The US should ideally be guided by the principle that every form of life within its boundaries ‘matters’. Such questions are at the heart of democratic advancement. The resolution of issues of this kind by any purported democracy has a close bearing on the quality of democracy manifested in it.
Reverence for life is at the centre of democracy. In this connection it is discouraging to note that students and teachers are continuing to be gunned-down in some US High Schools. In one such recent incident, two students and a teacher had been reportedly killed in a High School in Michigan, while scores of others had been injured. As a self-professed advanced democracy, the US is obliged to re-examine its Gun Laws and explore the possibility of doing away with them, so as to protecting life and nurturing a pro-peace culture within its borders. However, the US’ obligations by way of advancing the quality of its democracy do not end here. Much more needs to be done in a range of issue areas, but Gun Laws ought to be prime among its concerns.
India and Pakistan are two key states in South Asia that have been invited to the summit and this ought to be a high moment for them. Since South Asia’s advancement in a number of areas depends crucially on these regional heavyweights the hope of progressives is likely to be that the people of South Asia would gain eventually through the engagement of India and Pakistan in these deliberations on democracy.
The fact that Sri Lanka has been left out of the summit ought to be worrying for it. Fire-breathing nationalist opinion in Sri Lanka is likely to be of the view that this counts for nothing and that the US is in no position to sit in judgement over other countries on issues relating to democratic development. These nationalists are also likely to vociferate that Sri Lanka could depend on its ‘all-weather friends’ in Asia for support in a number of areas and that Western support is not of much consequence for its sustenance.
But such positions fly in the face of hard political and economic realities. To begin with, no major power in Asia would come to Sri Lanka’s rescue at the cost of its own political and economic links with the West. These powers’ economic wellbeing is integral to their having cordial ties with the US, for instance. China cannot afford to neglect its trade and investment ties with the US and vice versa. China would not risk too much for Sri Lanka’s sake.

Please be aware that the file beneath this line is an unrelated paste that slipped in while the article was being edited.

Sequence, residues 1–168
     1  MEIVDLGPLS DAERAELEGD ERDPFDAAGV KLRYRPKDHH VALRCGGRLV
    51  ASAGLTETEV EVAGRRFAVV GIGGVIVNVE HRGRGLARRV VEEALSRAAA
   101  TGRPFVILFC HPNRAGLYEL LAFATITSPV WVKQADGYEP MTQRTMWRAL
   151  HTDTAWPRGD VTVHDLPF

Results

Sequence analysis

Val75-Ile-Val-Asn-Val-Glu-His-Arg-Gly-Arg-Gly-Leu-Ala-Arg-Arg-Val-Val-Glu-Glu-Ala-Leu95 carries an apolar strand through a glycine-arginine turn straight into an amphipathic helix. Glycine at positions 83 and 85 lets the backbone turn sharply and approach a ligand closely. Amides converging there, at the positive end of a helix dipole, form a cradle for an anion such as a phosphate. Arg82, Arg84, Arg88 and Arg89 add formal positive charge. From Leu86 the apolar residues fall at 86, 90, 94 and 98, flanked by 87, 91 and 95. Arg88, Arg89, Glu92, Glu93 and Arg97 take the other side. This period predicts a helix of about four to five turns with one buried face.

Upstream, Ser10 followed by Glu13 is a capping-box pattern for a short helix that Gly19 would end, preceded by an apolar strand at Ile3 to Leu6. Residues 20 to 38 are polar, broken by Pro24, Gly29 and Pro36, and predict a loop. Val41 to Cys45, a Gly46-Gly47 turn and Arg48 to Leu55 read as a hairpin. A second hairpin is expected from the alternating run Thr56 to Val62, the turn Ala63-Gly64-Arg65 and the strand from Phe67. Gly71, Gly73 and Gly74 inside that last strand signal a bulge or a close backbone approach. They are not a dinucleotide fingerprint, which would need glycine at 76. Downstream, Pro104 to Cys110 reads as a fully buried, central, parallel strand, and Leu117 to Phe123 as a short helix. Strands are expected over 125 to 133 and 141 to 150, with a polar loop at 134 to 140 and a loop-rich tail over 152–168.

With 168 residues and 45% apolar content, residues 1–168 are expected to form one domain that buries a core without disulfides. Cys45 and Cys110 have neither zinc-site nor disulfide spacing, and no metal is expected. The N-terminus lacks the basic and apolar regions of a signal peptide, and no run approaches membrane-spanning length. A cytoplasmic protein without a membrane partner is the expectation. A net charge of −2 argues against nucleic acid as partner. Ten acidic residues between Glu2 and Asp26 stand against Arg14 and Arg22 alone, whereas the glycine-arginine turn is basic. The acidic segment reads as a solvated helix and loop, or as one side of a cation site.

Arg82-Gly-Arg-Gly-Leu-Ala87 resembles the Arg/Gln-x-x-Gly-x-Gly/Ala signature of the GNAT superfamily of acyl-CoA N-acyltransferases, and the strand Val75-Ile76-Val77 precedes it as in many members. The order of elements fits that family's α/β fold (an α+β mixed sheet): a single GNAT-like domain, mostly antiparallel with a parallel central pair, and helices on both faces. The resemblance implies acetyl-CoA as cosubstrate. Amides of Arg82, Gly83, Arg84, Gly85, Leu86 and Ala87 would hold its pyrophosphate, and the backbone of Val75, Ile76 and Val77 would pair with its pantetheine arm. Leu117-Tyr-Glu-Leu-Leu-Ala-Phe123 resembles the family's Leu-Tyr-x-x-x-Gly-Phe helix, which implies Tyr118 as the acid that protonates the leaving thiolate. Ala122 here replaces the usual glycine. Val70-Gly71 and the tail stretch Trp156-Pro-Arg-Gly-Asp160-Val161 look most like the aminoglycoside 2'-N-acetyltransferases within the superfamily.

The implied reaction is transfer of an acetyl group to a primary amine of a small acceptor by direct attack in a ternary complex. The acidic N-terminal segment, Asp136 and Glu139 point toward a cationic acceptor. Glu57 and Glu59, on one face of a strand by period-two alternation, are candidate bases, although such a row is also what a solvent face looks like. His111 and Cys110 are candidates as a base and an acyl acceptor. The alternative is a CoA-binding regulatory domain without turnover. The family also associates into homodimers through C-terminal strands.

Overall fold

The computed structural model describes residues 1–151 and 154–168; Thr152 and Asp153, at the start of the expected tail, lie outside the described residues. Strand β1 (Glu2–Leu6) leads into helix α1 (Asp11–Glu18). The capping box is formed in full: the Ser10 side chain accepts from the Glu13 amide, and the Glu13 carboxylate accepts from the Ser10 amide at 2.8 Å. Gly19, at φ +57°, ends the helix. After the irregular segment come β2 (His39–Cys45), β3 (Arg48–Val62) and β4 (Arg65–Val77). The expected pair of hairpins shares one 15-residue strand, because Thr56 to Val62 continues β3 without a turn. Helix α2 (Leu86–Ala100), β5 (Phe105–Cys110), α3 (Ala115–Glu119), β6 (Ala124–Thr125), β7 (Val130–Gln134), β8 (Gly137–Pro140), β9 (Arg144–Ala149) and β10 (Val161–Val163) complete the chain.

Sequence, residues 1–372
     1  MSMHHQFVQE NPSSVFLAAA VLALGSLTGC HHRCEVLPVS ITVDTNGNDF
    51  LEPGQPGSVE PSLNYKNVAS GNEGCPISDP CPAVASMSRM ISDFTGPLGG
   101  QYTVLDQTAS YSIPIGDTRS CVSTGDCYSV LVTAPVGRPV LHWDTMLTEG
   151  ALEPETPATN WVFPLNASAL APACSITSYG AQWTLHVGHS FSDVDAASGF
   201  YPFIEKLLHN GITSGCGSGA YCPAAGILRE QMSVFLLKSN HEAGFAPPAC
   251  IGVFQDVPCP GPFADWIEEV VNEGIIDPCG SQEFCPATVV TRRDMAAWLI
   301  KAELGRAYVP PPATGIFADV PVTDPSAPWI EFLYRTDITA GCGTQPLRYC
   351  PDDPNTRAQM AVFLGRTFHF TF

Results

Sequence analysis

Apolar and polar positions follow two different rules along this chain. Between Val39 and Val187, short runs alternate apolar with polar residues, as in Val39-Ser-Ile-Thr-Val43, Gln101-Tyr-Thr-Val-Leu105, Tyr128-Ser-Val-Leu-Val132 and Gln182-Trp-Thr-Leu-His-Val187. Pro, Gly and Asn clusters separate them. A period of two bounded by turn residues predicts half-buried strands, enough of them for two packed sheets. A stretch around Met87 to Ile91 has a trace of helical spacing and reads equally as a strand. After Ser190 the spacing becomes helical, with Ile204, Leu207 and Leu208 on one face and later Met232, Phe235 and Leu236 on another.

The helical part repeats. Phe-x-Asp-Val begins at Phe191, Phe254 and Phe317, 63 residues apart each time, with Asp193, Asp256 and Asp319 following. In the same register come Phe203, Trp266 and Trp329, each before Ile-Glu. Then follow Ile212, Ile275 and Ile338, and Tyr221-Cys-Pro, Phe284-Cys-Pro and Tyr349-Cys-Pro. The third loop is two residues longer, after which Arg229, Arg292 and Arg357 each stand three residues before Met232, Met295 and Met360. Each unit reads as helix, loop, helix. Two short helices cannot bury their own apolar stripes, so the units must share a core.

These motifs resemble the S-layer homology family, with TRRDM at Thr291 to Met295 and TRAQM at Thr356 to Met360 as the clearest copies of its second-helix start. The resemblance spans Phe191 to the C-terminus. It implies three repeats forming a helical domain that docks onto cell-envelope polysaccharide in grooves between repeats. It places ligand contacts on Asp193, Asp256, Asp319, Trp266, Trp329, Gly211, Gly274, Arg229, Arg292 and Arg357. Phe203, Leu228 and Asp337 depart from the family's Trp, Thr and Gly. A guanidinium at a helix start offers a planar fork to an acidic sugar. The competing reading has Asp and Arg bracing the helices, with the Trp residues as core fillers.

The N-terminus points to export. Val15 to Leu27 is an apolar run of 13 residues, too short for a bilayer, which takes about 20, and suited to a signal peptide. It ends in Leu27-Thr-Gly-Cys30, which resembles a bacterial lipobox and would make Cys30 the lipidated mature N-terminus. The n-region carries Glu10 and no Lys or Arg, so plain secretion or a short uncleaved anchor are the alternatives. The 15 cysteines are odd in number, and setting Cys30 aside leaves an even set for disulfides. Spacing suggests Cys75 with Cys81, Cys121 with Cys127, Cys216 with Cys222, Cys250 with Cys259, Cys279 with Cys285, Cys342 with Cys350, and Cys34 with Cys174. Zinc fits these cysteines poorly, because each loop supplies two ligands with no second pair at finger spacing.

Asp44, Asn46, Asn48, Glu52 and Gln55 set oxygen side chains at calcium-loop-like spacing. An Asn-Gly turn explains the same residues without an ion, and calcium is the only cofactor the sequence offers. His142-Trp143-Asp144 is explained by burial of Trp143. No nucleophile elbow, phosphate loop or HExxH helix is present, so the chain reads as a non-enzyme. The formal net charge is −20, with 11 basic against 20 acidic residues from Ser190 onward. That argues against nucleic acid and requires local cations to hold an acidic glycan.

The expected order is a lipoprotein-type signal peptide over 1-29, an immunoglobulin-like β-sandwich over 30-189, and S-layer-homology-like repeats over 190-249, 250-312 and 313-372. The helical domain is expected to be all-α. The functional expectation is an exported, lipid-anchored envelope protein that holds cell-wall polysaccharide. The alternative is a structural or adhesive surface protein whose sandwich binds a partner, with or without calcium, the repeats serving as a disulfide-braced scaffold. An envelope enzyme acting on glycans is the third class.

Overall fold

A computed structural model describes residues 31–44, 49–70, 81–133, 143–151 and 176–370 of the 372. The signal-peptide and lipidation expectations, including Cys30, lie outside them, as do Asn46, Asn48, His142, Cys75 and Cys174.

Besides, there is the case of Uganda to consider. It has scarred itself badly by mortgaging some of its real estate to outside powers. Today, the latter are reportedly staking a claim to what they seem to have lost by forcibly occupying the territories concerned in Uganda. Small countries, such as Sri Lanka, have no choice but to relate cordially with all the major powers.
Of the subjects that are expected to come up for discussion at the summit, ‘Advancing respect for human rights’, ought to be of prime importance. This is at the heart of democratic development and it ought to be clear that countries that do not respect fundamental human rights could not be part of any discussion on democracy. Accordingly, authoritarian states cannot sit at conference tables of this kind. It ought to be equally plain that ‘one man rule’ or one-party rule could not figure in these talks since such dispensations are antithetical to basic human rights.
Currently, even in the West, the suitability of the US to head the summit in focus is being vigorously questioned and there are acceptable grounds for this. While it could be argued that the US is a flawed democracy, it needs to be remembered that the foremost democracies are growing, evolving and dynamic systems and are not static and stagnant in nature in those cultural environments that favour their adoption. Accordingly, democracy cannot be rigorously defined. Essentially, it could be defined only in terms of what it is not. For example, political systems that do not nurture individual rights cannot pass muster as democracies.
Thus, the summit offers opportunities for a fruitful discussion on what must be done to keep democracy ticking. Ideally, major democracies in Asia too need to conduct such parleys on ways of benchmarking democratic advancement. India, for one, could take on this responsibility, being one of the most advanced democracies in our region.